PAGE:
When can you get a remedy for a contract?
when a plaintiff hows both 1)material breach by the defendant and 2)no material breach by the plaintiff, a remedy is available to redress the breach
What are different types of contract remedies?
Damages
Specific Performance
Rescission
Reformation
Quasi-Contract
Tort Action
What are different types of damages?
Compensatory (general) damages
Consequential (specific) damages
Punitive Damages
Nominal Damages
Liquidated Damages
Compensatory damages
Awarded to a plaintiff to put her where she would have been if the contract had been performed by the other party.
Consequential damages
a plaintiff may be able to recover other losses incurred as a consequence of the breach provided that they were reasonably foreseeable at the time the contract was made; must prove a causal relationship
Punitive damages
Used to punish the defendant for bad conduct above and beyond a simple breach of contract.
Nominal Damages
May be awarded when the defendant has breached the contract but no monetary loss is proved.
Liquidated Damages
Damages agreed upon at the time the contract was formed.
How does one measure damages when it involves a sale of goods.
The UCC prescribes the remedies available to seller and the buyer
How does one measure damages regarding the sale of goods for the seller
If the buyer wrongfully rejects goods or fails to pay etc, there are six things they can do;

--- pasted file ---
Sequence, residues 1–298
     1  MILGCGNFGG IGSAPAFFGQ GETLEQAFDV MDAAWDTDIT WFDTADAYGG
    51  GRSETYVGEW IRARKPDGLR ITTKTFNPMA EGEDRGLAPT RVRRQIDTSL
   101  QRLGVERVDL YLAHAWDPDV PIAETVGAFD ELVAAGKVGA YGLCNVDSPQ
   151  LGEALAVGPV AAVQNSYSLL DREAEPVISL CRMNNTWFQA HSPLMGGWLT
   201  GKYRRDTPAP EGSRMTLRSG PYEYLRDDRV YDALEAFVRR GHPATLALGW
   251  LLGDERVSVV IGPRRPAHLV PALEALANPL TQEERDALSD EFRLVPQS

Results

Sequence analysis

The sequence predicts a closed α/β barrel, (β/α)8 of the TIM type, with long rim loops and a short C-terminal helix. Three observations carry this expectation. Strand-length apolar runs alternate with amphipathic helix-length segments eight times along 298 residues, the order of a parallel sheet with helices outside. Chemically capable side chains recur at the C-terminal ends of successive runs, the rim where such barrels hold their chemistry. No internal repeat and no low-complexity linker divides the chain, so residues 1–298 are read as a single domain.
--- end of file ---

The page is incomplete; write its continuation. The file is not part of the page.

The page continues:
1) withhold delivery of the goods
2)stop delivery of the goods in the hands of a carrier
3) resell the goods and recover the difference from the defaulting buyer
4) cancel the contract
5) recover the contract price from the defaulting buyer under two conditions
6) recover ordinary contract damages for nonacceptance
Expansion of seller's remedies #5
You may recover the contract price from the defaulting buyer if 1) the goods have been accepted or, if conforming goods have been lost or damaged, within a reasonable time after the risk of loss passes to the buyer; or (b) the goods have been identified to the contract and the seller is unable to find another buyer
Expansion of sellers' remedies #6
You may recover ordinary contract damages for nonacceptance, measure as the difference between the marker price at the time and place for tender and the contract price, together with any consequential damages
What are buyer's remedies for a sale of goods contract breached?
1. cancel;
2. "cover" the purchasing substitute goods on the open market and recover from the seller the difference bw that and the contract price